The haves and the have nots
2 Corinthians 8-9
by Jack Norman
The Apostle Paul wrote 2 Corinthians chapters 8-9 to remind the church in Corinth about the needs of the church in Jerusalem. Christians there were experiencing extreme suffering and poverty in no small part because of persecution. In his letter Paul reminds the Corinthians of all that God had done for them, and of how they had at one point seemed eager to give to support their fellow Christians in Jerusalem but had not yet followed through on this conviction. He gives them, and Christians today, a model of what true Christian giving should look like.
I first met Anna five years ago in Upper Egypt. During this first of many meetings since then, her team took me to visit Christians who had fled persecution in their own villages, and who were now living in extreme poverty as they tried to rebuild their lives. Read more…
- In 2 Corinthians 8 v 13-15 Paul urges the Corinthian church to help the believers in Jerusalem so that there would be greater equality between them. What practical steps might your church – and you personally – take to strive towards greater equality with Christians across the world who suffer as a result of persecution?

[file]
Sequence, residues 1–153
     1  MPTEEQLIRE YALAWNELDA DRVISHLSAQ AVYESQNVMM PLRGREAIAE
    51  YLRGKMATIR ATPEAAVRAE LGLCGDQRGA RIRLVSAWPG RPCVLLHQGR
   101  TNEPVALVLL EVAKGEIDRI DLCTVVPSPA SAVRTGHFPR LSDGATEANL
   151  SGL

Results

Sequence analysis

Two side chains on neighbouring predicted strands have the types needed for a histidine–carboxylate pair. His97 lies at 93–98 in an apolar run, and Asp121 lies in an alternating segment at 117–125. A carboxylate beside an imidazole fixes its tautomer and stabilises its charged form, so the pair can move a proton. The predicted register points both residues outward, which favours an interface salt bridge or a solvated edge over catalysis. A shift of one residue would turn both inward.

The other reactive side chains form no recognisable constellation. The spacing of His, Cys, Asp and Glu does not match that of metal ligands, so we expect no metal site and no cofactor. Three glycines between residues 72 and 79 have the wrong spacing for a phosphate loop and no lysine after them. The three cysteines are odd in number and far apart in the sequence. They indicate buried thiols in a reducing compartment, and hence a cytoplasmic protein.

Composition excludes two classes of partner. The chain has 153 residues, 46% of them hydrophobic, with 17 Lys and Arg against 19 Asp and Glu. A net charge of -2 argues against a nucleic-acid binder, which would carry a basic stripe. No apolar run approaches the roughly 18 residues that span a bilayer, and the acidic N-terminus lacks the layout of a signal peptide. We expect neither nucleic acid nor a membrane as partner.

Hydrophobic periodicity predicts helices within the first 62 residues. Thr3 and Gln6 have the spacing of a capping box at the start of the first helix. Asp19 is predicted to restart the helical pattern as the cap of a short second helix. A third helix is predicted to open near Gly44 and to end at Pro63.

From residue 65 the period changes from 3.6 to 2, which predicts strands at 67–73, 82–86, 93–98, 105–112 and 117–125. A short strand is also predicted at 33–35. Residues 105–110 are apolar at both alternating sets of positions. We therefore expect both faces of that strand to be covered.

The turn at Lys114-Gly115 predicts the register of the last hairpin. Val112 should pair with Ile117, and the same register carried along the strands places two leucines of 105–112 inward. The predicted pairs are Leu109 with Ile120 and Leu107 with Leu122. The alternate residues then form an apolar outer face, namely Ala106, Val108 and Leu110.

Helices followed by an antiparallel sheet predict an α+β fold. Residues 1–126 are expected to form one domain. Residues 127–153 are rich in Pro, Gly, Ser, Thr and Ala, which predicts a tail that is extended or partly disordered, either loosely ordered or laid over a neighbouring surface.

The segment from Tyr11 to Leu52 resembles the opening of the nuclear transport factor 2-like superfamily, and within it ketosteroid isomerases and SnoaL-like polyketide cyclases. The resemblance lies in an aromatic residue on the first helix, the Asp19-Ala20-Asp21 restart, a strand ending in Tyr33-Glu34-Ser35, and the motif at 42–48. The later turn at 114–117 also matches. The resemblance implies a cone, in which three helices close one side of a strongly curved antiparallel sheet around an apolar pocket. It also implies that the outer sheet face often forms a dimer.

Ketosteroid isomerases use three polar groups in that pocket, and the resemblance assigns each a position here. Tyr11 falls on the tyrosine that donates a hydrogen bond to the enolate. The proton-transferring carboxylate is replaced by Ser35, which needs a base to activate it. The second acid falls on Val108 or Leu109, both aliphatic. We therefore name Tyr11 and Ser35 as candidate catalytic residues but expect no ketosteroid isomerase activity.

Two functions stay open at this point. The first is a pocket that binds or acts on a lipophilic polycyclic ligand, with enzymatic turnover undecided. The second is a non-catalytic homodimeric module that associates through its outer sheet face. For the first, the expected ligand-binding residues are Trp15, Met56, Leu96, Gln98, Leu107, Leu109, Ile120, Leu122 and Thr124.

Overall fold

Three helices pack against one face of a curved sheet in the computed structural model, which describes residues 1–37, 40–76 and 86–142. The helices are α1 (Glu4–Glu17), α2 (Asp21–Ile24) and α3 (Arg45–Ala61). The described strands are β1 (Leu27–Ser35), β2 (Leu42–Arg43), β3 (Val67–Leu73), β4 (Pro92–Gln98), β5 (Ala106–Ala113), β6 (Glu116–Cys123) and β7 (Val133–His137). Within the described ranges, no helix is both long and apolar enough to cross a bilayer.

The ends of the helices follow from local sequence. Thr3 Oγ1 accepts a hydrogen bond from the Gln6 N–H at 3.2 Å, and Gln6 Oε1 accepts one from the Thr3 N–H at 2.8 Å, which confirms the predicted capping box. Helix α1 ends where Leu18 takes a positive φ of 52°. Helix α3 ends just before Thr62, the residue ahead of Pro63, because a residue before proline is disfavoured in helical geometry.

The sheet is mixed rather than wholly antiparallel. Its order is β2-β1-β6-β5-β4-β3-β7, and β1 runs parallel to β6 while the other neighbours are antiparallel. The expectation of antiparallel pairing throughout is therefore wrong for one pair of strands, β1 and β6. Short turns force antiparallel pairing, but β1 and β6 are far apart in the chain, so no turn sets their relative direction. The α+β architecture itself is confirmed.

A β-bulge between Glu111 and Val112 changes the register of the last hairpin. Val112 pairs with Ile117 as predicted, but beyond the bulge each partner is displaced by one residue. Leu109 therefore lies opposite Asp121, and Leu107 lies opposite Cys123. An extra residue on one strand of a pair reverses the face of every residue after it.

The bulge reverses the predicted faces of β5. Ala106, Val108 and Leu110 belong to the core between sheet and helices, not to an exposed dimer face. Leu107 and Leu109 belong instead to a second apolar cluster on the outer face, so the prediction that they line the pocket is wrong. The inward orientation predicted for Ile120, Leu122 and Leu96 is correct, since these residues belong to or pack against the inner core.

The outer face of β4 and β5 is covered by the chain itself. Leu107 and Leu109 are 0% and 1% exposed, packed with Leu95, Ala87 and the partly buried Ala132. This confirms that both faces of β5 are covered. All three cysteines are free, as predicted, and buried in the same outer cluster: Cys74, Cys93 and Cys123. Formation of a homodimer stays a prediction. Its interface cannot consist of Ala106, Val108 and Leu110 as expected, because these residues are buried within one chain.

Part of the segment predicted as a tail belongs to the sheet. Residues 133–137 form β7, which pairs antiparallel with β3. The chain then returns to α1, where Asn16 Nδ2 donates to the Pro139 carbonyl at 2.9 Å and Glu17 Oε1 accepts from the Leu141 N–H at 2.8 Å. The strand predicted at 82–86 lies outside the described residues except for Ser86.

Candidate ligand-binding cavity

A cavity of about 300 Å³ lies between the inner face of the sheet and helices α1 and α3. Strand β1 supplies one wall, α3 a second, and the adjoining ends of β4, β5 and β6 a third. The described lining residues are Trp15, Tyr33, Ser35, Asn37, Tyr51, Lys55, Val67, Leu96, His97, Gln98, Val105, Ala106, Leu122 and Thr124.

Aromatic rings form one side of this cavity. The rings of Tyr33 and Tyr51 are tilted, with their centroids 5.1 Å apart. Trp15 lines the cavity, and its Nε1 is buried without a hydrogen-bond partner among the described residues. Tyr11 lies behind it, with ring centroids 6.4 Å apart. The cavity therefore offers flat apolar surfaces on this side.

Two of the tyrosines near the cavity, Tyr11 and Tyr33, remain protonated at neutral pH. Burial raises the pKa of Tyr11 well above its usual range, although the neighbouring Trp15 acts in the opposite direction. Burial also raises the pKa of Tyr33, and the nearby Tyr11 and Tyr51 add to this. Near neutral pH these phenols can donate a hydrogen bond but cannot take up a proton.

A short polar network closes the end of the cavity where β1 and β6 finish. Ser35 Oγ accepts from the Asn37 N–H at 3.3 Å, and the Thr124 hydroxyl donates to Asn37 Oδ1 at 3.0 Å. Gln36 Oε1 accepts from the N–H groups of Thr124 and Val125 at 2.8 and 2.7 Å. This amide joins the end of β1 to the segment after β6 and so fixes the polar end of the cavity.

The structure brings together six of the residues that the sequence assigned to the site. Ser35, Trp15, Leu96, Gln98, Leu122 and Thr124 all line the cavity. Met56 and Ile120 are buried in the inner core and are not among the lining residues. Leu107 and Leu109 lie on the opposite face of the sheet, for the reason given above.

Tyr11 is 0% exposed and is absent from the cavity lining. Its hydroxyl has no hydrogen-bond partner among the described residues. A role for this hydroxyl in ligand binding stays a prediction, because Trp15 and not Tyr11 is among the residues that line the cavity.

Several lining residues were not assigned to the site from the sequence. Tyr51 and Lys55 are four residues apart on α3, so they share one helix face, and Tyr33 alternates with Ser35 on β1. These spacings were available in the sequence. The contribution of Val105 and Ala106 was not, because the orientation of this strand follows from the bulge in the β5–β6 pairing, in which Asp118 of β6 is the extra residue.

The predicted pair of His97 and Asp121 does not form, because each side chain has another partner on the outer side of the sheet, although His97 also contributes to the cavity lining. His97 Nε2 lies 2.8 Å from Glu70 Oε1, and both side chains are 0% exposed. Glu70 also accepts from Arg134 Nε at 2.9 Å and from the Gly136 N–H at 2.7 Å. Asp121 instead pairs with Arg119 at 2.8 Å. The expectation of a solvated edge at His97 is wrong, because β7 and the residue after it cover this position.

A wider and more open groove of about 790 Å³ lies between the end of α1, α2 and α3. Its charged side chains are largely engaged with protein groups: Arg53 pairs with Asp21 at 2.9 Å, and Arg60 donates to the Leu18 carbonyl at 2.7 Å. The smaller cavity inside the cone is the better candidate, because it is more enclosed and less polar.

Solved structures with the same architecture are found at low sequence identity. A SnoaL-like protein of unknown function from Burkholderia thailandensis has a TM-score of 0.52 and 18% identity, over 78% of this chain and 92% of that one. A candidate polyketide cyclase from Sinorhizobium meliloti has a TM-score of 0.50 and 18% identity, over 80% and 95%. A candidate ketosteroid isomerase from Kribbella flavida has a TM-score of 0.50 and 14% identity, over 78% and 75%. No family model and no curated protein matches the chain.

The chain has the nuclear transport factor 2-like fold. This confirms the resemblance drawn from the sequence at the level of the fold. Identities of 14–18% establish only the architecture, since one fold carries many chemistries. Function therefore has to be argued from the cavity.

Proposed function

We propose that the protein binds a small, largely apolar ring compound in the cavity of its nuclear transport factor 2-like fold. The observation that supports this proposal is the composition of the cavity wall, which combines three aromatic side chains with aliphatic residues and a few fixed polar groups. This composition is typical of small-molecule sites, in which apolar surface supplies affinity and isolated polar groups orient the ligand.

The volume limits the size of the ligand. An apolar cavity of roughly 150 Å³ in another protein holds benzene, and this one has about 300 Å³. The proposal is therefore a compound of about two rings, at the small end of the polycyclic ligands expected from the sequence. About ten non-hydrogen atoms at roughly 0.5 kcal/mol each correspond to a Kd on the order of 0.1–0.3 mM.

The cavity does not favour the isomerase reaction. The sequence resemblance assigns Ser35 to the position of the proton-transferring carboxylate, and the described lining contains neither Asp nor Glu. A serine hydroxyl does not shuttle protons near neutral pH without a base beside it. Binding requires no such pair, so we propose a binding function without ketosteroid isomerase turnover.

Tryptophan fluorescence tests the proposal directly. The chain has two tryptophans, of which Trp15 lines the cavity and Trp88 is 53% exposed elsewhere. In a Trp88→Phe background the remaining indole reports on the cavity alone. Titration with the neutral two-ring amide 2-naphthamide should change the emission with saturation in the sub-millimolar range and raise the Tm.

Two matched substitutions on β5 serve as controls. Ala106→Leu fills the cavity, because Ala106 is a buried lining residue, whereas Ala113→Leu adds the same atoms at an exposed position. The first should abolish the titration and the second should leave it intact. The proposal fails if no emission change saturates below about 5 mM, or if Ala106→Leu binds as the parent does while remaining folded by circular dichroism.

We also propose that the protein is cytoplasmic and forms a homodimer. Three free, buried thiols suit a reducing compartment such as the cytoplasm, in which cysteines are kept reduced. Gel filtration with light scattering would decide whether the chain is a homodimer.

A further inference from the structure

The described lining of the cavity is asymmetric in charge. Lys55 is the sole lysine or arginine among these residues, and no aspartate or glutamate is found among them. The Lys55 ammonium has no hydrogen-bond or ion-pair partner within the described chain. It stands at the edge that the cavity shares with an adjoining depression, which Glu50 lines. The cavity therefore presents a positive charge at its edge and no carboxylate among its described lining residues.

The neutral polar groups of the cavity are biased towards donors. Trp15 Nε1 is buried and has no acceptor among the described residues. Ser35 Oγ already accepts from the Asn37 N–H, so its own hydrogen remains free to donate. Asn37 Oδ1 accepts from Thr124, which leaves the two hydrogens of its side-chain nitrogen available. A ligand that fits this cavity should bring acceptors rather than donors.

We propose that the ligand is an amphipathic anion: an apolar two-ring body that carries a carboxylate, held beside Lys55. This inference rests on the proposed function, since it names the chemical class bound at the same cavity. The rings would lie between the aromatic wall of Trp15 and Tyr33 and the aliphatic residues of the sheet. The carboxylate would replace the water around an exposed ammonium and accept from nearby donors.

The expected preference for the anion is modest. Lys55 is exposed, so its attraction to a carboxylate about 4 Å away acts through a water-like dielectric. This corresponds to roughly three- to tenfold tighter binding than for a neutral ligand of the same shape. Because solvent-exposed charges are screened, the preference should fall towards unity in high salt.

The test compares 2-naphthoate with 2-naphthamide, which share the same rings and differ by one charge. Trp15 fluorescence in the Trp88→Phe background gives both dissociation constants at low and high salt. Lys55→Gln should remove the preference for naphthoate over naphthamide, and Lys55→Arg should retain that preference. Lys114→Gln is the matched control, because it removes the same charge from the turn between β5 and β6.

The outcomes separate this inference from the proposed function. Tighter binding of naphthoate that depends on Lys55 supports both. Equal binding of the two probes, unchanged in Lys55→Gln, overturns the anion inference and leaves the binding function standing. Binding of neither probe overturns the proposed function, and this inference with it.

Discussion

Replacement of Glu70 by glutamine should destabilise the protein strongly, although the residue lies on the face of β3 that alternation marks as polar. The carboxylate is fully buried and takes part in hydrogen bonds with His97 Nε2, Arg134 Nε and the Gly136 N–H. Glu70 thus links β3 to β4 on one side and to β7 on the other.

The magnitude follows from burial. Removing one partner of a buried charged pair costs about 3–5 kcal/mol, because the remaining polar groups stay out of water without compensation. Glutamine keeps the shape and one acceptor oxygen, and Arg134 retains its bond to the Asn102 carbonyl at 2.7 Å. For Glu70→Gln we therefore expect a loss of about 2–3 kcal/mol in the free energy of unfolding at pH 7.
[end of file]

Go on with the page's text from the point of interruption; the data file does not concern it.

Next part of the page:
- What is your belief and understanding about the power of prayer? Do you recognise it as a ‘weapon’ you can use to help Christians facing persecution across the world? Which of the following statements do you agree with? a) Prayer is the most important weapon; b) We could pray, but what is really needed is our money; c) Prayer is the most important weapon but to be sincere prayer it must be accompanied by actions?
- How does the knowledge of all that God has done for us in Christ shape our understanding of how we should respond when we hear of other Christians who are in need?
- Read Psalm 112 which describes the ‘righteous’ in God’s eyes and is quoted by Paul in 2 Corinthians 9 v 9. When Paul quotes the words, ‘They have freely scattered their gifts to the poor,’ what do you think he means, and what response is he looking for from the church in Corinth? How should we go about applying this to ourselves today?